Studies show that dogs can sense bad people

Have you ever felt like your dog was judging you or someone the two of you have just met? It turns out that your assumption is right; your dog is using its senses to determine whether the people it encounters are good or bad. That said, your dog's ability to sense that other person's attitude and personality is somewhat limited.
A study published in the journal Neuroscience and Biobehavioural Reviews found that dogs hold grudges against people who don't treat their favorite people very well. For example, one exercise conducted in the study showed that dogs were less likely to accept treats from a person who refused to help their owner open a container. Although that may make sense, it doesn't entirely explain how a dog decides to dislike a person it had just met.
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A dog may react negatively to a person it has met for the first time for a variety of reasons. Canines may use their incredible sense of smell to sniff out the chemical changes in the pheromones people emit when they have less than honorable intentions in mind.
A person's aggressive behavior prompts that change in brain chemistry and dogs are talented enough to pick up on that change right away. This scenario will not apply to psychopaths, however, because they experience few emotions and are unlikely to have changes in brain chemistry that dogs can pick up on.
Dogs also rely on their intuition and trust their own feelings much more than humans do. Therefore, a dog might sense a stranger's bad attitude or thoughts directly through a gut instinct or a sixth sense. Canines are more attuned to the world than people around them tend to be, so if your dog is uneasy around a person, your best bet is to trust it.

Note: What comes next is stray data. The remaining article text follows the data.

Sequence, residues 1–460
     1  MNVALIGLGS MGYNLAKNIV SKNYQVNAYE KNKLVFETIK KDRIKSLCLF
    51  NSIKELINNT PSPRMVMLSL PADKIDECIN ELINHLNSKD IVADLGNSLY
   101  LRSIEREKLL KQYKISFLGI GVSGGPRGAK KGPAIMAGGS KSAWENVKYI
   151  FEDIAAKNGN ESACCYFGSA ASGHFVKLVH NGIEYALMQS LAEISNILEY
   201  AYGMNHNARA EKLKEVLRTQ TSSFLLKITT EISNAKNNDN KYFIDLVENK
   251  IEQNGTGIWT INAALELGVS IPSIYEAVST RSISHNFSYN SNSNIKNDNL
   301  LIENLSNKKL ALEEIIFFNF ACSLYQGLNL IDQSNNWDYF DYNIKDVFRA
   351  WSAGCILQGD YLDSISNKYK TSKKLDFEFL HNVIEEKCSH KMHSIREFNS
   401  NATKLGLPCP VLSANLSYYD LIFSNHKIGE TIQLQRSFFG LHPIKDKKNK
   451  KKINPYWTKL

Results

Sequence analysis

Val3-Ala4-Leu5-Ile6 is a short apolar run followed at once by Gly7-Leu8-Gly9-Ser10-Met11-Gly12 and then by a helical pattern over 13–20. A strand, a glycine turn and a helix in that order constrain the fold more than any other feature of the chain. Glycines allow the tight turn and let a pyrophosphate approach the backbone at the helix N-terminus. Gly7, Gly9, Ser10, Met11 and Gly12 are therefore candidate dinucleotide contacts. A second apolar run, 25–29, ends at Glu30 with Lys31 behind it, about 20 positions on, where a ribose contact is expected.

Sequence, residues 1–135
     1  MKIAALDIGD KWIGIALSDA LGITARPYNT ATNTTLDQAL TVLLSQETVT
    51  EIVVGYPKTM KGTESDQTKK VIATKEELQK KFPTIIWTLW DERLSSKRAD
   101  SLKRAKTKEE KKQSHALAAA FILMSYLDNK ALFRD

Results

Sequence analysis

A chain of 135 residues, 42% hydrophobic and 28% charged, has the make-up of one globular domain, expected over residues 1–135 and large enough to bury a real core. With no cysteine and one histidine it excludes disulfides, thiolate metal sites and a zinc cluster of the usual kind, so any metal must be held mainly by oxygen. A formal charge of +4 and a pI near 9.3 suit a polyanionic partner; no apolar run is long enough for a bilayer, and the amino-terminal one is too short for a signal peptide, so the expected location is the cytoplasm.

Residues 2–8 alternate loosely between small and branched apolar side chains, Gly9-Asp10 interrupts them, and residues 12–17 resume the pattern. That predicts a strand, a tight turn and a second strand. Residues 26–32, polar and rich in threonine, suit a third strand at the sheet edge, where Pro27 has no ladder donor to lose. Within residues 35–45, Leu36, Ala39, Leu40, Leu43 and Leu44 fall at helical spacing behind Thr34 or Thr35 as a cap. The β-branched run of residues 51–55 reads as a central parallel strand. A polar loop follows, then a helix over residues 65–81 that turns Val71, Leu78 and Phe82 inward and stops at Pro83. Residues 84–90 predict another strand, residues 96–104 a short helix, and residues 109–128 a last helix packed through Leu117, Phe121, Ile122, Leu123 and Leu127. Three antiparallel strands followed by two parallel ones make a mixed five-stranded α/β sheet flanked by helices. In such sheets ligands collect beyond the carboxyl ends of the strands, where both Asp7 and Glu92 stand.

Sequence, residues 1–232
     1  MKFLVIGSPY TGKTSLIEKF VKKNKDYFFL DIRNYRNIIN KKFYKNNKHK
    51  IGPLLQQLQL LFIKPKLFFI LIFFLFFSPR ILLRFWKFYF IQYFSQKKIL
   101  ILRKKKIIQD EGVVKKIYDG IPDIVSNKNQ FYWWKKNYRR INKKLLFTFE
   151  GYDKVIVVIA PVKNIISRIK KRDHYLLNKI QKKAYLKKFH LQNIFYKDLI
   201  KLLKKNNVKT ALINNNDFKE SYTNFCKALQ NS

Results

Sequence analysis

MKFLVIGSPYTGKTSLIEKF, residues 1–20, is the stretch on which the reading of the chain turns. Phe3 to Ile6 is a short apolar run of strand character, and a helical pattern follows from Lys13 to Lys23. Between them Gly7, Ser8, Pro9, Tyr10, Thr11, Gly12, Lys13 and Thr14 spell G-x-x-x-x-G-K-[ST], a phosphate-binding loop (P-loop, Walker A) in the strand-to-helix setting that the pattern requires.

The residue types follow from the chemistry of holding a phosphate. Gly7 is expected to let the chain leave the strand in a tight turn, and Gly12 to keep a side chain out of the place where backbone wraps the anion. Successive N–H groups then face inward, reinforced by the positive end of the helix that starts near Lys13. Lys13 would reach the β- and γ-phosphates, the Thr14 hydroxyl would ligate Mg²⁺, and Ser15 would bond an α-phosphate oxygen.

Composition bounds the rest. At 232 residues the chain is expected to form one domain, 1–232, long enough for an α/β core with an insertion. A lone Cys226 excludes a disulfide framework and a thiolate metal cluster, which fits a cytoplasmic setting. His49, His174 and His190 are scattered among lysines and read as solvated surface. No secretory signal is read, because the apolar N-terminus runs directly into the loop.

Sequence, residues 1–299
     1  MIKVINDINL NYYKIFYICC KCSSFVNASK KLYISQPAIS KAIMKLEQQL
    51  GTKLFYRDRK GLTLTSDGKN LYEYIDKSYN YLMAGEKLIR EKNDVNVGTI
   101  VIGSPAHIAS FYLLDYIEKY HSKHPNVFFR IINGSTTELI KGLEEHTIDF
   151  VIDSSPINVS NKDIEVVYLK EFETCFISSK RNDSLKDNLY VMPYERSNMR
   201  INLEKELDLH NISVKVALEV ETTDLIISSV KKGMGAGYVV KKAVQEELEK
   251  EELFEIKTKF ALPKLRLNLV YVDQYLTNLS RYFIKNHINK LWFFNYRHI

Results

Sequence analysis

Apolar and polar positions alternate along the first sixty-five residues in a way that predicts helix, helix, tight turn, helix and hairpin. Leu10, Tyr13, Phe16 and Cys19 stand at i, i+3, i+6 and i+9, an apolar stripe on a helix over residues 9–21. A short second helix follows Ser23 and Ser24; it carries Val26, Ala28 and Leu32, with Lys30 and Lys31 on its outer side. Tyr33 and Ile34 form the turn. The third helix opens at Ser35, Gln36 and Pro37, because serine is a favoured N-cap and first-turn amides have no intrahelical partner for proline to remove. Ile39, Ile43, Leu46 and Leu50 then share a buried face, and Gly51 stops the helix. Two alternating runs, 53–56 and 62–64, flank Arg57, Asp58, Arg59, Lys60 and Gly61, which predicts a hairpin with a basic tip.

Finally, dogs might be so connected to their owner that they can perceive when their owner is uncomfortable or uncertain about something. Their distrust of a stranger may be more a reflection of the owner's anxiety about that new person than anything else. Either way, the dog feels what is happening to its owner and echoes the owner's innermost concerns in its own behavior.
The next time your dog reacts negatively to another person, give it the benefit of the doubt; it may just know the person is bad. Dogs have better instincts and sense than people do, and their abilities and instincts deserve respect. Science has proven dogs to be highly perceptive beings.
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